Team DaRT

Overall Objectives
Scientific Foundations
Application Domains
New Results
Contracts and Grants with Industry
Other Grants and Activities

Section: Scientific Foundations


The main research topic of the DaRT team-project concerns the hardware/software codesign of embedded systems with high performance processing units like DSP or SIMD processors. A special focus is put on multi processor architectures on a single chip (System-on-Chip). The contribution of DaRT is organized around the following items:

Co-modeling for High Performance SoC design:

We define our own metamodels to specify application, architecture, and (software hardware) association. These metamodels present new characteristics as high level data parallel constructions, iterative dependency expression, data flow and control flow mixing, hierarchical and repetitive application and architecture models. All these metamodels are implemented with respect to the MARTE standard profile of the OMG group, which is dedicated to the modeling of embedded and real-time systems.

Model-based optimization and compilation techniques:

We develop automatic transformations of data parallel constructions. They are used to map and to schedule an application on a particular architecture. This architecture is by nature heterogeneous and appropriate techniques used in the high performance community can be adapted. We developed new heuristics to minimize the power consumption. This new objective implies to specify multi criteria optimization techniques to achieve the mapping and the scheduling.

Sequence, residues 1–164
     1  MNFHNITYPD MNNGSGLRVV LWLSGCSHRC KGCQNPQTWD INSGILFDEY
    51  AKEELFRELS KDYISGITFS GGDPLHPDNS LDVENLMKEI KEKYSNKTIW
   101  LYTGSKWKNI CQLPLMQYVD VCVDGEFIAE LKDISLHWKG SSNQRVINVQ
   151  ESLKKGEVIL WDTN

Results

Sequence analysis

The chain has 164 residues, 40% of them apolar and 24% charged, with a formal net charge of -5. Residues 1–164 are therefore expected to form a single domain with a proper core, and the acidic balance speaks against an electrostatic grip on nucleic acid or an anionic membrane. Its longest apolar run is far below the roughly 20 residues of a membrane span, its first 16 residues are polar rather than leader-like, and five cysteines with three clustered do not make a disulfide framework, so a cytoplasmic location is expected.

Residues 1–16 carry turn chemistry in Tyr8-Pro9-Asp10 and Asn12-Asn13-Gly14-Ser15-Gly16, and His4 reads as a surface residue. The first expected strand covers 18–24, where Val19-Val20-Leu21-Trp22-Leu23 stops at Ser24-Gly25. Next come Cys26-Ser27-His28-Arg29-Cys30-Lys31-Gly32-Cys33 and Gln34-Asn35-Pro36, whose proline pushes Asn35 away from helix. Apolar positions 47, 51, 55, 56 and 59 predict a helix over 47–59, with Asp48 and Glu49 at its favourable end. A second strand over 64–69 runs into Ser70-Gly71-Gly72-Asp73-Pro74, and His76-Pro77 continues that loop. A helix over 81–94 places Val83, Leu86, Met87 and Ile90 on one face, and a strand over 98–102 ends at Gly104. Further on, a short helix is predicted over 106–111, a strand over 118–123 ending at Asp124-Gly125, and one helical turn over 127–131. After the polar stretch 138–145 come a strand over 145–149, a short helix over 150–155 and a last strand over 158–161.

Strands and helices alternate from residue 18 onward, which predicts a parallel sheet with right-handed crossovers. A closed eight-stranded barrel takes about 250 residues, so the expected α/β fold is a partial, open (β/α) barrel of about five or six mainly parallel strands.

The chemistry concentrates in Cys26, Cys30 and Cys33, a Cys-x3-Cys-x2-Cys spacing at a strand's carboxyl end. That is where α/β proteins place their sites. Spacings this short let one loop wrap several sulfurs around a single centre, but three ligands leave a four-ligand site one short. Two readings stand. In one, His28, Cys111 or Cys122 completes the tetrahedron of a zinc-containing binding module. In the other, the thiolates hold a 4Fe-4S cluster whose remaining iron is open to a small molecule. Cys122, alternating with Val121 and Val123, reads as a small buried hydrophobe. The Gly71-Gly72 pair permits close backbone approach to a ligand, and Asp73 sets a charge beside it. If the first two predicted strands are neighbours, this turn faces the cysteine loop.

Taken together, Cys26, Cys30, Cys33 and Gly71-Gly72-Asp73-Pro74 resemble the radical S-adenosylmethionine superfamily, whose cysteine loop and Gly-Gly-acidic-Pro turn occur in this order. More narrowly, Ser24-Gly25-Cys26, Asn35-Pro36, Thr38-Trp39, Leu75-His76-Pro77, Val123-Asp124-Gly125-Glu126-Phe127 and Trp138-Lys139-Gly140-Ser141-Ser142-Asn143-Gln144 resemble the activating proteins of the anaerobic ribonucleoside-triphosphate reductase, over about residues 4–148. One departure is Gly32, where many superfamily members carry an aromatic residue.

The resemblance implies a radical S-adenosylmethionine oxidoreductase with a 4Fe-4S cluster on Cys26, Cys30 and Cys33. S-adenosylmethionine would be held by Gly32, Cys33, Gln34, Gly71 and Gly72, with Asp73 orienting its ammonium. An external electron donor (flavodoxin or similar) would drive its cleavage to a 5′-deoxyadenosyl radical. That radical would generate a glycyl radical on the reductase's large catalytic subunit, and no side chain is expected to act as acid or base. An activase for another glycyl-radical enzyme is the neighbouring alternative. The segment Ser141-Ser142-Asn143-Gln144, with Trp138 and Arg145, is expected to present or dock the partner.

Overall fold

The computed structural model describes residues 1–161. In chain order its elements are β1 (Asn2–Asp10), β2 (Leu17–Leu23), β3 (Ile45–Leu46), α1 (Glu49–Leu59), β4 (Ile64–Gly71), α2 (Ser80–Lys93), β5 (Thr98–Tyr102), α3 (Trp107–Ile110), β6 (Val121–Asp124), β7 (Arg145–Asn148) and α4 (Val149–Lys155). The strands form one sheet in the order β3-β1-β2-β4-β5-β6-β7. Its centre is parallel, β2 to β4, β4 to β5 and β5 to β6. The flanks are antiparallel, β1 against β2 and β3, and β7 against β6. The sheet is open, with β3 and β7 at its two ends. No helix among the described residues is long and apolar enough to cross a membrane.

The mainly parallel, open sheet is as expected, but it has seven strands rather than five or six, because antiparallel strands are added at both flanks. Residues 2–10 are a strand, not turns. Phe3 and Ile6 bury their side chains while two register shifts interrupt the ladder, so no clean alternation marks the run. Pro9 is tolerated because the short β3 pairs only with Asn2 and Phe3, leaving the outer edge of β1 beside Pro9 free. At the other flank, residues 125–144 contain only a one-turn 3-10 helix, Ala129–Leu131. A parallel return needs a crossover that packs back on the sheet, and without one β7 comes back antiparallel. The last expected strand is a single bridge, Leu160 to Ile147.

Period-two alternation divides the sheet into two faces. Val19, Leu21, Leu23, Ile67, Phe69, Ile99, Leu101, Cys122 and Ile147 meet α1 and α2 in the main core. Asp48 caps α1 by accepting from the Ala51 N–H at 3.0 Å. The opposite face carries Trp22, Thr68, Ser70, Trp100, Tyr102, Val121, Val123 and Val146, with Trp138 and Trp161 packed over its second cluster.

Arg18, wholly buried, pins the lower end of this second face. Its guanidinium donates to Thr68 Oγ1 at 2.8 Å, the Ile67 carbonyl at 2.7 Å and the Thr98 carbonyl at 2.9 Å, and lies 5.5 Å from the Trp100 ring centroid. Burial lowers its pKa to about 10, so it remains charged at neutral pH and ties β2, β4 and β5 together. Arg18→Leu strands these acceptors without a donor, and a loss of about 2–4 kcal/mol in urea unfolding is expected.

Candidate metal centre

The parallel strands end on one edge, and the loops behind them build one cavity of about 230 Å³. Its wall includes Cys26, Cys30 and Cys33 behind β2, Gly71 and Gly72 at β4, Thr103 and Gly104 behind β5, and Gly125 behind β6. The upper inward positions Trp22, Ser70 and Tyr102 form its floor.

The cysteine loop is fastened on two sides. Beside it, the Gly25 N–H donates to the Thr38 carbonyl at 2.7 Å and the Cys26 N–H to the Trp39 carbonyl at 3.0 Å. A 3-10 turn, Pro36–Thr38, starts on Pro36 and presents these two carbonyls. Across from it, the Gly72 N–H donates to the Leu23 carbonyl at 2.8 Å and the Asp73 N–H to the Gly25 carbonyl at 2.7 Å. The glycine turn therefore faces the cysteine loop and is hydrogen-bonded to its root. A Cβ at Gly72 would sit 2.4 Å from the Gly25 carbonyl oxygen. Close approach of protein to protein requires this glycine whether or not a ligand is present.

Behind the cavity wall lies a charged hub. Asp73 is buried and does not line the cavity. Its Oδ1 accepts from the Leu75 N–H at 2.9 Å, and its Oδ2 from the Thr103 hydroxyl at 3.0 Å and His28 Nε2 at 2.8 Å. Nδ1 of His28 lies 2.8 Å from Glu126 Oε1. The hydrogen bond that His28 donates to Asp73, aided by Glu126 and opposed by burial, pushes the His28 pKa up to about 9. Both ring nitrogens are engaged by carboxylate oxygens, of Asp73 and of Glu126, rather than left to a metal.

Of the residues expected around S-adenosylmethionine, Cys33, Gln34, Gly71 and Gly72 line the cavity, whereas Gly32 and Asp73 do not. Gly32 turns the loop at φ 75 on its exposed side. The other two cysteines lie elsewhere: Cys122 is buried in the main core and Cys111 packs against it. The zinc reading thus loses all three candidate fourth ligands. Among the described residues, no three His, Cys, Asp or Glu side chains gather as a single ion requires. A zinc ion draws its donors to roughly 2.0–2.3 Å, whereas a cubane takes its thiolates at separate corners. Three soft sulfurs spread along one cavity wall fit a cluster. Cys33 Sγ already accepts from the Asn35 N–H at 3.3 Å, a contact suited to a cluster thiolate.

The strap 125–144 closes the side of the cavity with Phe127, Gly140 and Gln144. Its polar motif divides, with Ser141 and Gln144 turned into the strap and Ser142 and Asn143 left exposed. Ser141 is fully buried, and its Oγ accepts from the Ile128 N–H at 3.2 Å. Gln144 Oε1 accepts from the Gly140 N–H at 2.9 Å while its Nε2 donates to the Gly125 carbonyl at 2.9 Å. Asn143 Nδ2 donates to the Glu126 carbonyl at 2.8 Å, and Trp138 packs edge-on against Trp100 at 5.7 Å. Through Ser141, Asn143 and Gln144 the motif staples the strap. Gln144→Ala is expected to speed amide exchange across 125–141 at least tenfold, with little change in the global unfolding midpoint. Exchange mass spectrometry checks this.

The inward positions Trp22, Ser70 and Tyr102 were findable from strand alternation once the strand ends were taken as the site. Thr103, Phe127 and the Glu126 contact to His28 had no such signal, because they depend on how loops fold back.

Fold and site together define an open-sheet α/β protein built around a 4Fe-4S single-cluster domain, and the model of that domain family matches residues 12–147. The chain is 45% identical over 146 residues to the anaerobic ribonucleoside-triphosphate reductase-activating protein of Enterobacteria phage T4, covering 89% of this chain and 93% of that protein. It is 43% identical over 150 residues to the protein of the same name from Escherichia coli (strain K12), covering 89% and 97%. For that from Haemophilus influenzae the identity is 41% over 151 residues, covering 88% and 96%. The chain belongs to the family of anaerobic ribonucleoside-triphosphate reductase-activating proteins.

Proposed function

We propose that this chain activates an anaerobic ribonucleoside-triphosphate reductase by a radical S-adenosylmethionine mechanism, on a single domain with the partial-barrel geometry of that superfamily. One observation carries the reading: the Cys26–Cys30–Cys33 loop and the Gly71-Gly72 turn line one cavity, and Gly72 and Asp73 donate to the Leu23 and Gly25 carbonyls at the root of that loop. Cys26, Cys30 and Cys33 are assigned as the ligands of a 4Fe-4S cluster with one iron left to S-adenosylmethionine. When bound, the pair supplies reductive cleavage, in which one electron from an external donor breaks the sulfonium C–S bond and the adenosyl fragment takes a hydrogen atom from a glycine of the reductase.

SoC simulation, verification and synthesis:

We develop a SystemC based simulation environment at different abstraction levels for accurate performance estimation and for fast simulation. To address an architecture and the applications mapped on it, we simulate in SystemC at different abstraction levels the result of the SoC design. This simulation allows us to verify the adequacy of the mapping and the schedule, e.g., communication delay, load balancing, memory allocation. We also support IP (Intellectual Property) integration with different levels of specification. On the other hand, we use formal verification techniques in order to ensure the correctness of designed systems by particularly considering the synchronous approach. Finally, we transform MARTE models of data intensive algorithms in VHDL, in order to synthesize a hardware implementation.


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